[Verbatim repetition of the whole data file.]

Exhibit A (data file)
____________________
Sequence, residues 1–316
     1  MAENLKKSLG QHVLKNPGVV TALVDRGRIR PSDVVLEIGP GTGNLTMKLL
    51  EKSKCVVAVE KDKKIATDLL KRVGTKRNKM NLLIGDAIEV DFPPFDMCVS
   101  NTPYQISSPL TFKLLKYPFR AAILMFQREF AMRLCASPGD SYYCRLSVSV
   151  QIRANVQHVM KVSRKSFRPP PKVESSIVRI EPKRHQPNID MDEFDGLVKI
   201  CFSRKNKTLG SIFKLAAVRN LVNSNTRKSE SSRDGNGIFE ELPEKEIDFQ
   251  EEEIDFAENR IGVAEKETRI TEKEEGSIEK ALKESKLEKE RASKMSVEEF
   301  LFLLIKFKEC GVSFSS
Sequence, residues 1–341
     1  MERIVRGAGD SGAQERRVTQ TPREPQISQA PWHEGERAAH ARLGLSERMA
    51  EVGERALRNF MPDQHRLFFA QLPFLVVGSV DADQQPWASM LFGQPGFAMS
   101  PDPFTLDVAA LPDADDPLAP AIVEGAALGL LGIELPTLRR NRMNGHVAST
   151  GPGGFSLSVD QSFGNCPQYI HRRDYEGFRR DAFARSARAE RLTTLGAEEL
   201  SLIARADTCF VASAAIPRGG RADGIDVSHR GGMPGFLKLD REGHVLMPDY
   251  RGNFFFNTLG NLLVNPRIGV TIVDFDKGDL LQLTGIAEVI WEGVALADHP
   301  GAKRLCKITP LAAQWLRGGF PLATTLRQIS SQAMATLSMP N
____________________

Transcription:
Sequence, residues 1–316
     1  MAENLKKSLG QHVLKNPGVV TALVDRGRIR PSDVVLEIGP GTGNLTMKLL
    51  EKSKCVVAVE KDKKIATDLL KRVGTKRNKM NLLIGDAIEV DFPPFDMCVS
   101  NTPYQISSPL TFKLLKYPFR AAILMFQREF AMRLCASPGD SYYCRLSVSV
   151  QIRANVQHVM KVSRKSFRPP PKVESSIVRI EPKRHQPNID MDEFDGLVKI
   201  CFSRKNKTLG SIFKLAAVRN LVNSNTRKSE SSRDGNGIFE ELPEKEIDFQ
   251  EEEIDFAENR IGVAEKETRI TEKEEGSIEK ALKESKLEKE RASKMSVEEF
   301  LFLLIKFKEC GVSFSS
Sequence, residues 1–341
     1  MERIVRGAGD SGAQERRVTQ TPREPQISQA PWHEGERAAH ARLGLSERMA
    51  EVGERALRNF MPDQHRLFFA QLPFLVVGSV DADQQPWASM LFGQPGFAMS
   101  PDPFTLDVAA LPDADDPLAP AIVEGAALGL LGIELPTLRR NRMNGHVAST
   151  GPGGFSLSVD QSFGNCPQYI HRRDYEGFRR DAFARSARAE RLTTLGAEEL
   201  SLIARADTCF VASAAIPRGG RADGIDVSHR GGMPGFLKLD REGHVLMPDY
   251  RGNFFFNTLG NLLVNPRIGV TIVDFDKGDL LQLTGIAEVI WEGVALADHP
   301  GAKRLCKITP LAAQWLRGGF PLATTLRQIS SQAMATLSMP N